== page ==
Getting in shape isn't an easy walk in the park…
Running junkie Katie Carpenter takes a tumble down a ravine and ends up facedown in the Hudson River. The police conclude her death was an accident, but those who were close to Katie aren't buying that she just tripped and fell—including her pro-athlete boyfriend. But it's Katie's fitness trainer and friend who hires the McKinleys to investigate.
Anything but an easy case to solve, Sean and Sara will break a sweat trying to figure out who had the most to gain from the young woman's death. Sadly for Sean most of the evidence seems stacked against Katie's boyfriend—a man Sean idolizes. Can he put aside being starstruck long enough to view things objectively? If Katie's killer is going to be caught, he and Sara will need to remain flexible and it might require bending the rules a bit.
Roger is a down-to-earth builder, Judy is the harassed single mother of four teenage boys, and Thelma is a librarian who usually looks as though she's been sitting on a wasps' nest for most of her life. Neville is on the lookout for a woman (any woman will do), and Julian just wants to be young again. Edie is the wrong side of 70, and Roz is a size zero fitness queen. These characters, together with one very overweight Alice, all meet up for the first time at their local Pilates class. Petra, the class instructor, has no idea what she has let herself in for!
Dianna Anastasia Diverno born 4 November 1981. She wrote many numbers of novels: The cry of orchid, Secret of marquise de Champagne, Secret passion contess Razasky, Fatal surveillance, Trianon, Last morning in Wien, Forbidden love, Story about blue mumia...
A lost generation searches for meaning in chaotic post-WWI London in this satirical novel by the acclaimed author of Brave New World. First published in 1923, Aldous Huxley’s Antic Hay was banned in Australia and burned in Cairo for its frank depiction of bohemian life in the grim and listless aftermath of the Great War. Set in London, the comic novel follows a large cast of artists and intellectuals through their nihilistic yet determined pursuits. But at the center of these colorful characters is the peculiar man behind Gumbril’s Patent Small Clothes. While sitting on the hard oak pews of his school’s chapel, disenchanted schoolmaster Theodore Gumbril Junior fantasizes about a pair of trousers with an inflatable air cushion in the seat to make the endless sermon more tolerable. Deciding on a whim to pursue this absurd invention, Gumbril moves to London and soon finds himself among a circle of cynical poets, would-be artists, and bohemian philosophers. Though a timid romantic, Gumbril fashions a rakish alter ego for himself, “The Complete Man,” as he pursues his fortunes in this scathing satire of British conventionality.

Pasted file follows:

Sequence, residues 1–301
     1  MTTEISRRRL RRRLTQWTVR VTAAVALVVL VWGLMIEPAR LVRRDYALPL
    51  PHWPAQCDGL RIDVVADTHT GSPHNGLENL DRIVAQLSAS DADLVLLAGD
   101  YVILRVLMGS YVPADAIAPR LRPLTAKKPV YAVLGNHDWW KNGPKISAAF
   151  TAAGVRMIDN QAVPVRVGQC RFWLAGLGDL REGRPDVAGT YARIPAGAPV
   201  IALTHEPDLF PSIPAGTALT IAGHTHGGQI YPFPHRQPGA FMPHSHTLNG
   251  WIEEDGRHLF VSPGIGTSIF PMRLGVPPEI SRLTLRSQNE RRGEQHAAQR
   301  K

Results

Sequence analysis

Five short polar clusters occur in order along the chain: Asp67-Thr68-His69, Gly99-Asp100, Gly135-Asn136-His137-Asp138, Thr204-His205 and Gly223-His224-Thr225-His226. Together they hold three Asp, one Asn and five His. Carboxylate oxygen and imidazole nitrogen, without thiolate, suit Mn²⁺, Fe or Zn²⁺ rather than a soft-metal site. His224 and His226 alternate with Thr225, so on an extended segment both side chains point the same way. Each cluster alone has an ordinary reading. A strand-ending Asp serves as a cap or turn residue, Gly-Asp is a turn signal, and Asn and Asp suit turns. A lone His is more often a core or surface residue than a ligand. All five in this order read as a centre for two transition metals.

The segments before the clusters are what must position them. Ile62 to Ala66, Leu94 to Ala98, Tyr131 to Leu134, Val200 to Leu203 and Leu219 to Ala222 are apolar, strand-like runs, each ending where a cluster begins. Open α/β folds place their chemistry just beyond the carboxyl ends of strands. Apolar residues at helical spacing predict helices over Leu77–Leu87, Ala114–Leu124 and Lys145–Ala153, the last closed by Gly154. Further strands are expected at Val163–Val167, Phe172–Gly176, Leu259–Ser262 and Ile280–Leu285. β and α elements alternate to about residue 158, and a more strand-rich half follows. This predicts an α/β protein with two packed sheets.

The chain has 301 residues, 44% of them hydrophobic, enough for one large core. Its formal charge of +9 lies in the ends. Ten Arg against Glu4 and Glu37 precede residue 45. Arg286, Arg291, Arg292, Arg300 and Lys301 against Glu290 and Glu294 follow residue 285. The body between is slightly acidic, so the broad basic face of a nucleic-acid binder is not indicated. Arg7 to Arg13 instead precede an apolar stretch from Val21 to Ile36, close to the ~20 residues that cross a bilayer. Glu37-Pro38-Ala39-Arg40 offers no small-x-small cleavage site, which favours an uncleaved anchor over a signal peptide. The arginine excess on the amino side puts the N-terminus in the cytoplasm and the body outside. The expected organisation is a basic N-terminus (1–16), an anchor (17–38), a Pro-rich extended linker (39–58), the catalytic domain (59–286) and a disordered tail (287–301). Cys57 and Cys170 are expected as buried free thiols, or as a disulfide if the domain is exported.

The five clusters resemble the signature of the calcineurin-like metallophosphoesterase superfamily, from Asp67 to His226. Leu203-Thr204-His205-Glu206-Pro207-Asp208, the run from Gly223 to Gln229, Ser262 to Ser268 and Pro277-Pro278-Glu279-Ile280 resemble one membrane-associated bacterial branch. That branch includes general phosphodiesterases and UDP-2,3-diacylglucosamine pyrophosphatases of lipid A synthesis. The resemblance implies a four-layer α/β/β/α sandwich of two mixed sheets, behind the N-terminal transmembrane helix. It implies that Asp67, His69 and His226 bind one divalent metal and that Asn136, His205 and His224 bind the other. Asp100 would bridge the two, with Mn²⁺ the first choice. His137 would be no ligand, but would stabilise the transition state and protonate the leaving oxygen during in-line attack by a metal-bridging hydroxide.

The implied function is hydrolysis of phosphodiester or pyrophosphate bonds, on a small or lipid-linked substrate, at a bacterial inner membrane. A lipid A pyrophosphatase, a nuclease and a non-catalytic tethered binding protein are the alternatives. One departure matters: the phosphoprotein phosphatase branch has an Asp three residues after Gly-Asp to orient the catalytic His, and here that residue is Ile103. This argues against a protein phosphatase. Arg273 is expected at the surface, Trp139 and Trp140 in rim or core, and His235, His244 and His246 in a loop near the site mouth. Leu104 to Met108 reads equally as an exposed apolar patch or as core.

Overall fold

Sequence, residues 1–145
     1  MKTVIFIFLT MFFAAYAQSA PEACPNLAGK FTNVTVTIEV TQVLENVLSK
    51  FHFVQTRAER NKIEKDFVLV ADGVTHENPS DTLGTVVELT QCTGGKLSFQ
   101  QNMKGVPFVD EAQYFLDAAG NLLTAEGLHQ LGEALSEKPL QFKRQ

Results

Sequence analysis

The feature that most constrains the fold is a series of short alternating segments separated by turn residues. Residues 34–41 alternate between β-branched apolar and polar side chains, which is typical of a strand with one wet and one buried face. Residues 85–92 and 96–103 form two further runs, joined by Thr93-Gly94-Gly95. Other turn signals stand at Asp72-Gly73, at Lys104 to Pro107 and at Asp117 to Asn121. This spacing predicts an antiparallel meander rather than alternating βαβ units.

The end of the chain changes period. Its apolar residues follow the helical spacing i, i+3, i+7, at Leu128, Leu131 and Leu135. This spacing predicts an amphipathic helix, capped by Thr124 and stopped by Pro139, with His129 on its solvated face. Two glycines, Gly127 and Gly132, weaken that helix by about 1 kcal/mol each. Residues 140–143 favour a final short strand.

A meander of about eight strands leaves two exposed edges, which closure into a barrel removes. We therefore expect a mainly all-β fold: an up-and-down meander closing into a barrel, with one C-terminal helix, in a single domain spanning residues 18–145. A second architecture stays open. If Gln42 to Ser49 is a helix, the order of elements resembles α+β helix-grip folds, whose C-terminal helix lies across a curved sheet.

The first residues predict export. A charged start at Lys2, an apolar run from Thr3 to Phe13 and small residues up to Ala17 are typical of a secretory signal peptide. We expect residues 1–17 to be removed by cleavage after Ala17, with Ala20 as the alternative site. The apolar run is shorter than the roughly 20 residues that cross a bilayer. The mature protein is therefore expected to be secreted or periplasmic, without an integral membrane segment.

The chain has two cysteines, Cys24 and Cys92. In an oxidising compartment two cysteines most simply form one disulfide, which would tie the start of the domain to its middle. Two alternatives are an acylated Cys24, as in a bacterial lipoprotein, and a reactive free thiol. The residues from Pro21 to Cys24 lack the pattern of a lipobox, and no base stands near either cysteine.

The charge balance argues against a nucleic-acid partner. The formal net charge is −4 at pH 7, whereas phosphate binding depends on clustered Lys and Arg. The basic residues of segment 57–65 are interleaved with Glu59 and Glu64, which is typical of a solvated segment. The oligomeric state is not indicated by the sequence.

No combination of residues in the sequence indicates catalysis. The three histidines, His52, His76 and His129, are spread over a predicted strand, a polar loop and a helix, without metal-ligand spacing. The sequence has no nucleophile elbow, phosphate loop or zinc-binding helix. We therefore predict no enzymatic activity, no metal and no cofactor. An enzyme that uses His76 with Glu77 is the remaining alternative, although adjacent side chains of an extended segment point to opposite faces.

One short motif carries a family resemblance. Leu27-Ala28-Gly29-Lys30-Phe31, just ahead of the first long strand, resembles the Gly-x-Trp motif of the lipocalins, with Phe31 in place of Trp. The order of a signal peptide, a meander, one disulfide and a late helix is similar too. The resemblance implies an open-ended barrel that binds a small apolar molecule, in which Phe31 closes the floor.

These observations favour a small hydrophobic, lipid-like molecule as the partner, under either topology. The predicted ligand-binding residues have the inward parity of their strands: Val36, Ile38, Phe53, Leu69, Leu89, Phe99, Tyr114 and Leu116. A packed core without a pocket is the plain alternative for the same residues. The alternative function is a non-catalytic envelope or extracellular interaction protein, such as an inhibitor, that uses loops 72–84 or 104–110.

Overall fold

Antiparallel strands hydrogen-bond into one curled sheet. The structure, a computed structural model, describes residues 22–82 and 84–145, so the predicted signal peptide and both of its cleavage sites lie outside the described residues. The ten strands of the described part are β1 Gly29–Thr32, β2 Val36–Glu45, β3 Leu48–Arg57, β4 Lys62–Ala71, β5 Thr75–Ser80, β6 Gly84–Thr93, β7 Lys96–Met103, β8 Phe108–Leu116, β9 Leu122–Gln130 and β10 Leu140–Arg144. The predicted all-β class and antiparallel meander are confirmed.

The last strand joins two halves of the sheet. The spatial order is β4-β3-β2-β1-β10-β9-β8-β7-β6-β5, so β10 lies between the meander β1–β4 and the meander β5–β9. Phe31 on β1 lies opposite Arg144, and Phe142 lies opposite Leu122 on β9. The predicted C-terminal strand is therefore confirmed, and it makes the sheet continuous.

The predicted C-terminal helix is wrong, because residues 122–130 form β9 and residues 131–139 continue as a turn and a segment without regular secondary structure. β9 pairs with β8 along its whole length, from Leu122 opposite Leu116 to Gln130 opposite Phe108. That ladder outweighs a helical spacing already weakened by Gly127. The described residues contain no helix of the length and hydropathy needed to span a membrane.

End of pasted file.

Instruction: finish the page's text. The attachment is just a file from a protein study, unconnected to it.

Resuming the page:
This 1923 novel by the Pulitzer Prize–winning poet and author of Paterson satirizes American colonization, creative ambition, and the novel form itself. One of the greatest American writers of the twentieth century, William Carlos Williams was an avid experimentalist in prose as well as poetry. Concerned about the state of the American novel, a form he felt was stunted by traditional tropes and genres, he set out to both parody and reject the prevailing clichés of fiction. The result of this audacious project was The Great American Novel, which tells the story of a Ford car in love with a Mack truck. A hilarious satire of Americanism and a brilliant example of literary invention, Williams’s short novel set a precedent for American postmodern literature and metafiction.
Prince Myshkin having spent some time in Switzerland recovering from his illness is now returning to Russia. He is the central character of the novel, a young man whose goodness, open-hearted simplicity and guilelessness lead many of the more worldly characters he encounters to mistakenly assume that he lacks intelligence and insight. In the character of Prince Myshkin, Dostoevsky set himself the task of depicting the positively good and beautiful man and consequences of placing such a unique individual at the centre of the conflicts, desires, passions and egoism of worldly society, both for the man himself and for those with whom he becomes involved.
The last thing Agnes Barton expected was to be slapped in cuffs alongside her best friend, and fellow-sleuthing buddy, Eleanor Mason. All they had wanted to do was to verify if a painting at the Butler Mansion had indeed been stolen. How were they to know that they had tripped off a silent alarm—or that Agnes’ nemesis Mildred Winfree’s body would be discovered when the cops showed up? It didn’t help that they had entered the mansion illegally—using a key Agnes had pilfered from her daughter Martha who was working as a real estate agent to sell the old place.
Word has it that a treasure map was hidden in the back of a painting at the Butler Mansion, and it was just too juicy a story not to investigate. So here Agnes and Eleanor sat in jail as prime suspects as they were brought in for questioning.
The tabloid, Tall Tales, printed a treasure map in its most recent addition, and soon, East Tawas becomes a point of interest as treasure hunters began tearing up the town looking for treasure. Agnes and Eleanor join in the foray, but she wondered just who was behind this tall tale, and what did it have to do with Mildred’s murder?
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